Mercury vapor has also been measured  in air vented from the central vacuum systems to the outside of the dental office. An estimated one ton of mercury vapor per year finds its way into the atmosphere through this route in the US. There is currently no known technology to prevent this form of pollution.
If mercury fillings are not removed from a patient’s mouth and disposed of ecologically before death, the mercury contained in them will eventually find its way into the environment. It may contaminate the earth and ground water if the person is buried and it will contaminate the atmosphere if the body is cremated. A mercury flow worksheet
developed for EPA  estimated that in 2005 over 3 tons (6613 pounds) of mercury were released to the environment in the U.S. from crematoria.
Published studies [5 & 6] have concluded that each and every amalgam bearer excretes an average of 100 micrograms of mercury per day in his/her urine and feces. That amounts to 8.5 tons of mercury entering the environment annually in the US. Assuming 2/3 of this mercury is derived from dental fillings  then 5.7 tons of dental mercury annually are flushed directly into our wastewater. There is no known technology to prevent this form of pollution nor are there any regulations over this domestic waste. 100% of this mercury ends up in the environment.
The above 4 routes of mercury entering the environment combine for at least 16 tons of mercury annually from dental fillings. Less than half of that total- the 6.5 tons from dental office wastewater – can be captured by Best Management Practices and Amalgam Separators in dental offices- and then only if mandatory. Of the total mercury currently used in all products in the U.S., our EPA estimates that mercury fillings comprise 55% of that total repository- or over 1,000 tons of mercury implanted in the teeth of Americans nationwide! Assuming a 10-15 year average durability of those mercury fillings in patients’ mouths, this enormous reservoir of mercury will be continuously flushed into the environment for decades to come.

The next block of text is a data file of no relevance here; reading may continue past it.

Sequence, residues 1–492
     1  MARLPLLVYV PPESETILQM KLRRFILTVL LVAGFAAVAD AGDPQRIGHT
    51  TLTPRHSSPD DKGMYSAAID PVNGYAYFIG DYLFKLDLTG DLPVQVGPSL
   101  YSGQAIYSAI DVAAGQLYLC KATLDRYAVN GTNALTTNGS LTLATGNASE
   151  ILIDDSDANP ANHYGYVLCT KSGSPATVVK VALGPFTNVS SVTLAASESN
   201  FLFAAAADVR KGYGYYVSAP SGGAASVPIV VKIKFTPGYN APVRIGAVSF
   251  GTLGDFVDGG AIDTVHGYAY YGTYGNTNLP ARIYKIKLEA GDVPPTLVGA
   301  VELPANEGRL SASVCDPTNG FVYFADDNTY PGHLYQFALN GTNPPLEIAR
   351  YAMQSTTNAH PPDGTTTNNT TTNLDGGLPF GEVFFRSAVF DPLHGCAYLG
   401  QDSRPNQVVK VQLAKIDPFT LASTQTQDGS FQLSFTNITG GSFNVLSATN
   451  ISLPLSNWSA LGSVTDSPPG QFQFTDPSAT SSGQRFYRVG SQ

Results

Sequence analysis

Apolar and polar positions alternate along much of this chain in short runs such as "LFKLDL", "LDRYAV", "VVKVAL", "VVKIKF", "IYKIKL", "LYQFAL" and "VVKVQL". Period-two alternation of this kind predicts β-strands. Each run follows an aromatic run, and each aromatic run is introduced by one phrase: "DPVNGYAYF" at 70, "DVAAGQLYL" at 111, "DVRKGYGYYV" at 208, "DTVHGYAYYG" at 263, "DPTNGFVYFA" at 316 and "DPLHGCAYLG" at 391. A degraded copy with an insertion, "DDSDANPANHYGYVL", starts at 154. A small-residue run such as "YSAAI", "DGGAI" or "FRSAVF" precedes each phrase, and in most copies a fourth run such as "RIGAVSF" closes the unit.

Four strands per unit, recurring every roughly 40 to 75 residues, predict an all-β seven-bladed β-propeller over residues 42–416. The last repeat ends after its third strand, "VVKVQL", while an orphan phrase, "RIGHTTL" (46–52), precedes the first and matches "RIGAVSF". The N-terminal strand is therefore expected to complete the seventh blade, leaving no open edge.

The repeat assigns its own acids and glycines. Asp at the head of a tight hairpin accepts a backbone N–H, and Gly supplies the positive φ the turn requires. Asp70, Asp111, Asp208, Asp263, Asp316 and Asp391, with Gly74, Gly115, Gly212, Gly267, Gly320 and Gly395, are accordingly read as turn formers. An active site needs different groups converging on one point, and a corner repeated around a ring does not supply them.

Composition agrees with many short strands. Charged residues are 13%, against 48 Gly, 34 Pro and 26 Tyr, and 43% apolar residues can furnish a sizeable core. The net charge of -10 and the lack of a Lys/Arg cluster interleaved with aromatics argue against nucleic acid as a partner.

Amalgam Separators and Dental Amalgam Best Management Practices
Sewer utilities may be required to reduce the levels of heavy metals in their bio-solids, the material that is removed from the sewer as solids. These solids are sent to farmlands as a soil nutrient enhancer, are deposited in landfills, or they are incinerated. If the biosolids contain too much mercury the farmers will not accept them and the utility company may have to pay to dispose of them. If it is incinerated it liberates mercury in its most toxic form – elemental mercury vapor. Therefore these utilities, in order to operate economically and meet their own discharge limits, are looking to place the responsibility on the largest contributors, the dentists.
Organized dentistry has responded by establishing ‘Best Management Practices’ or (BMP’s) for managing hazardous waste. Historically these practices have had disappointing participation by dentists when purely voluntary. For example, in the Seattle/King County area of Washington State, after five years of promises from the local dental society and efforts from King County Hazardous Waste, less 2.5% of offices (25 out of 1000) had complied . After regulations were passed, it’s now close to 100%. Currently 11 states and various municipalities have replaced their voluntary programs with mandatory regulations (which include amalgam separators) resulting in nearly 100% compliance. In those states and municipalities where amalgam separators are required there has been a 50% reduction in the amounts of total mercury -from all sources- entering the wastewater treatment plants.